Prestige, color, and color language in Imperial Rome

UNCG Author/Contributor (non-UNCG co-authors, if there are any, appear on document)
David B. Wharton, Associate Professor (Creator)
The University of North Carolina at Greensboro (UNCG )
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Abstract: This paper explores some ways that the human desire for prestige affected language in early Imperial discourses of color. It identifies the desire for prestige as a fundamental human psychological disposition that is often expressed through the acquisition and display of expensive objects, both in antiquity and the present, and examines the role of color in enhancing products’ perceived desirability. It argues that connoisseurship is an important component of choosing and acquiring high-status objects, requiring the ability to make fine-grained color distinctions. A broad comparison of the color vocabularies used by Cato the Elder and Columella in their agricultural works suggests an increasing desire in the early Empire to discriminate among the wide variety of colored luxury and imported agricultural products available to Roman elite consumers. Meanwhile, the importation of expensive dyes and pigments sparked lexical borrowing and innovation in color-related terms. Competitive status displays in textiles and other decorations, such as flowers and gems, required status-conscious consumers to use increasingly sophisticated color concepts and expressions, including conceptual metaphors, in order to distinguish effectively among high-status items. Although the Romans’ color conceptions tended to be organized around the material substances that produced the desired colors, they were also capable of forming abstract color categories and terms in differentiating colored products. However, ‘prestige’ is a fluid concept and should not be understood as a set of monolithic preferences among the elite; different subgroups therefore responded differently to purportedly prestigious colored items or color terms. Colored items, in turn, in their economic and social contexts, were capable of evoking a variety of emotions, including desire (for acquisition), admiration, envy, disapproval, and even disgust.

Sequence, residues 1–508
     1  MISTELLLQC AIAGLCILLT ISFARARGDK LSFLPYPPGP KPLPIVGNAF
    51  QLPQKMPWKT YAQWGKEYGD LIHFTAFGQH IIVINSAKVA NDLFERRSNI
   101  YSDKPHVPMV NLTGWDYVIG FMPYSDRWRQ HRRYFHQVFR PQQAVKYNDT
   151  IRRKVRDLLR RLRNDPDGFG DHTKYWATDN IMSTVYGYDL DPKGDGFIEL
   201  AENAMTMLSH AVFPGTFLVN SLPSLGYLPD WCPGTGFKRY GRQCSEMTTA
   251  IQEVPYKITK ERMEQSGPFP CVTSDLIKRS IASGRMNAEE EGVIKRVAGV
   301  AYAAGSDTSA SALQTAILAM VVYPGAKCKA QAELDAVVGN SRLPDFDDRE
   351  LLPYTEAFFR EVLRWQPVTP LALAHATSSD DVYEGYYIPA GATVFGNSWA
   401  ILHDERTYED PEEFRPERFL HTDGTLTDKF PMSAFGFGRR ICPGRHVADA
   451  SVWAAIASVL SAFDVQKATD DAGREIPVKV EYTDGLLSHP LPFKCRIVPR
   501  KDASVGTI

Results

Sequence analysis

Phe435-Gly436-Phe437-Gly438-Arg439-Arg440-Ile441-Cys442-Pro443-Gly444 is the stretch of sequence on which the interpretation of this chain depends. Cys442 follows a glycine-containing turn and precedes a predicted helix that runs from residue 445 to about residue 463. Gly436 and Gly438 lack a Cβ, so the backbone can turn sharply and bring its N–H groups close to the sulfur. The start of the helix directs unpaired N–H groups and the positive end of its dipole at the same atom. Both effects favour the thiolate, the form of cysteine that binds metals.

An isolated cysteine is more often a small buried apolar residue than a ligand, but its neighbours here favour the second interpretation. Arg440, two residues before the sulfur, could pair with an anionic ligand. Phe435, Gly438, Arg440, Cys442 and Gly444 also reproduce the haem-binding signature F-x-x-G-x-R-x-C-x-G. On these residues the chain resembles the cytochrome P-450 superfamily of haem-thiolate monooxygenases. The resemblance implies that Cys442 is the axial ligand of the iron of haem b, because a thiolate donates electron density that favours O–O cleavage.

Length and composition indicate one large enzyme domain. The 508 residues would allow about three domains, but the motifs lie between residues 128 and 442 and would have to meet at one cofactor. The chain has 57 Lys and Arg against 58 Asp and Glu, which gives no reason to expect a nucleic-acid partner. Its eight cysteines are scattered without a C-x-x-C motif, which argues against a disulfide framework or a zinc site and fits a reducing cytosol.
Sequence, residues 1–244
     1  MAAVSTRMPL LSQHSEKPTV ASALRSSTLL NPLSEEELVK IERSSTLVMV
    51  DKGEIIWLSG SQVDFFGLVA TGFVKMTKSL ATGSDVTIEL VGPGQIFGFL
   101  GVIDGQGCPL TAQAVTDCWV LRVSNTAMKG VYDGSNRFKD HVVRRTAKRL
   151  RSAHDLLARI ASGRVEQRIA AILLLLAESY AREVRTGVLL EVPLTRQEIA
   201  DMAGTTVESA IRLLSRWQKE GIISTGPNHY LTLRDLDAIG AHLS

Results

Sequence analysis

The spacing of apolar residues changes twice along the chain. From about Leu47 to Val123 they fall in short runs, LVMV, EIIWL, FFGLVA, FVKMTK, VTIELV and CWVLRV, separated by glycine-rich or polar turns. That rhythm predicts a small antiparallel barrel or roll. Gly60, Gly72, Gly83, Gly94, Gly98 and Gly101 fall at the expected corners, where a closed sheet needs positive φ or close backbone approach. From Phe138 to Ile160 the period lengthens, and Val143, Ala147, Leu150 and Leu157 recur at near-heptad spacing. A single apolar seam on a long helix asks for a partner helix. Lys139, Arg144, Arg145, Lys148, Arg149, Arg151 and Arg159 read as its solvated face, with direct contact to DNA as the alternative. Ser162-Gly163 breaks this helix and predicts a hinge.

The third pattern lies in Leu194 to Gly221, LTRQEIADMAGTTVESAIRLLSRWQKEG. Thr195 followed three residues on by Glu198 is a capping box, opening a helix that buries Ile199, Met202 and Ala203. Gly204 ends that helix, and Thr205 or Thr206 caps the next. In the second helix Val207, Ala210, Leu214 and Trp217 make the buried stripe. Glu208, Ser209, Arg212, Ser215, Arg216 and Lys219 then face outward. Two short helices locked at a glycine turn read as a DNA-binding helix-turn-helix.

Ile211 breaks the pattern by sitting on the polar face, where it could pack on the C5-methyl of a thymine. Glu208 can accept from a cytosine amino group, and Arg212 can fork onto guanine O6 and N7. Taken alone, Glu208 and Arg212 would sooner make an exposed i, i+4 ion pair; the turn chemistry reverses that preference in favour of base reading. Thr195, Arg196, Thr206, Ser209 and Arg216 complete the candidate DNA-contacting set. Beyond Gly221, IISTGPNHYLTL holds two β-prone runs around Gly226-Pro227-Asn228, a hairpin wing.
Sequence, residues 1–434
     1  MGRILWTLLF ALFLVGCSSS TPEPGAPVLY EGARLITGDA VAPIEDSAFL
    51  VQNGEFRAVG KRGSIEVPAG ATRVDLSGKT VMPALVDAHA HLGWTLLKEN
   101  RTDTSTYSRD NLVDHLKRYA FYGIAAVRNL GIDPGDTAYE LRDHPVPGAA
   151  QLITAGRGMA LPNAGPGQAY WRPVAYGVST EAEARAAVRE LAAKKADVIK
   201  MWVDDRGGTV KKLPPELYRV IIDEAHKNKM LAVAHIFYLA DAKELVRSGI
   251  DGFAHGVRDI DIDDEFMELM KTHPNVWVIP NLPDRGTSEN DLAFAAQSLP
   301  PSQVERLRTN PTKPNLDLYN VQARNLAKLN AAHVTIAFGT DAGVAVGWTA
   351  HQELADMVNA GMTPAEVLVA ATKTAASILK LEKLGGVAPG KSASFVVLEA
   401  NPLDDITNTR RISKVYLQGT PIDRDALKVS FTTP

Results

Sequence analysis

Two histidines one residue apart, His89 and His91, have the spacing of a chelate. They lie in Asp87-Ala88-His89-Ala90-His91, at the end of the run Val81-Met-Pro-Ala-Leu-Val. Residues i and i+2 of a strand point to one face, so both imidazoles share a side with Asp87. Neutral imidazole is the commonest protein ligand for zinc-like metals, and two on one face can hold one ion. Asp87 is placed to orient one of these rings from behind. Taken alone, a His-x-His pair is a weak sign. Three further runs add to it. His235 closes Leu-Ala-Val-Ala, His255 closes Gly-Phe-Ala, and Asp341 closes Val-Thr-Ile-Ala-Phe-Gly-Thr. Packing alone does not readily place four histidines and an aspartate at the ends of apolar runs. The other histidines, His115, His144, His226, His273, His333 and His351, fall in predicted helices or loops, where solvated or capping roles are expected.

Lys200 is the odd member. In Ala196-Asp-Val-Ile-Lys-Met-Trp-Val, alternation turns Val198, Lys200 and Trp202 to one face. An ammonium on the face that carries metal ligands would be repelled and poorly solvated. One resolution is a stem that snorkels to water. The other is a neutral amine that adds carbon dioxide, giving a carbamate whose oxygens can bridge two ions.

Additional Information

Psychologie de la couleur dans le monde gréco romain, edited by Katerina Ierodiakonou, Fondation Hardt, 2020, pp. 271-302.
Language: English
Date: 2020
color language, Latin color terms, ancient Rome, prestige

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